Workshop on the 24-25th May 2018 at the Centre for Contemporary Buddhist Studies, University of Copenhagen
We have a very exciting line-up for our workshop on the concept of value at the Centre for Contemporary Buddhist Studies. The scholars invited are working with value as a concept across a diversity of geographical and religious contexts. We look forward to engage over two days with ten very different, ethnographically informed papers that discuss theories of value.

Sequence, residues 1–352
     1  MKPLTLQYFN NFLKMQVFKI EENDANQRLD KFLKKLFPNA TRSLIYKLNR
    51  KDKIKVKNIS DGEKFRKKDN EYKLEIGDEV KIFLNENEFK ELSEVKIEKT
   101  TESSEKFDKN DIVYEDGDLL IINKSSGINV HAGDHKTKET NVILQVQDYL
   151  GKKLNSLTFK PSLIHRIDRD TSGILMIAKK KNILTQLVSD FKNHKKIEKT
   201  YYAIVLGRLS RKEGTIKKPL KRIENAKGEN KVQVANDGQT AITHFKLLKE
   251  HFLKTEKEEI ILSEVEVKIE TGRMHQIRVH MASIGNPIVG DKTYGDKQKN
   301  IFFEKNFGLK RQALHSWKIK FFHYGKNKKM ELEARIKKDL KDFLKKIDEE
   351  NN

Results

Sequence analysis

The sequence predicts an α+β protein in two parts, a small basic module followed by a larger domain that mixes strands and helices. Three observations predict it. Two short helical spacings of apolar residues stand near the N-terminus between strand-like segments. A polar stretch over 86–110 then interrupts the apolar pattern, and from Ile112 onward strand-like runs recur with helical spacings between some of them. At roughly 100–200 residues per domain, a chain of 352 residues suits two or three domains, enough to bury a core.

This workshop seeks to engage with a seeming resurgence of interest in theories of value. In studies of religion, value has generally been used in the sociological sense of ideas about the good and desirable (religious/cultural values), a field of study recently revitalised by Joel Robbins. Value in the economic sense of ‘price mechanism’ (Graeber) has been employed analogically to uncover the economic workings of religion, for example in concepts such as symbolic value and the religious marketplace. However, economistic dimensions of religion are often assumed to be antithetical to religious values, particularly in analyses of religion and consumer society (Carette and King). We seek to question this assumption through discussion of the relationship between sociological and economic approaches to value in relation to religions and spiritualities in the contemporary world. Instead of understanding the commodification of religion as inevitably leading to a devaluation and lack of authenticity, we look at how commodification might also provide added value to local religious goods, ideas and lifestyles, as argued by Comaroff and Comaroff (2009) in relation to the commodification of ethnicity. For example, how has the marketing and branding of religion aided a process of growth and revitalization of religious institutions? What possible contentions and ambiguities arise within the nexus of religion and economics when religious or spiritual values become marketized and positioned within an economic value regime? How might discussion of value (economic) and values (sociological) open up ideas about the relationship between the individual (value as connected to strategy, agency, motivations, aspirations, interests, “homo economicus”) and the collective (values as moral, traditional, connected to socialization practices)?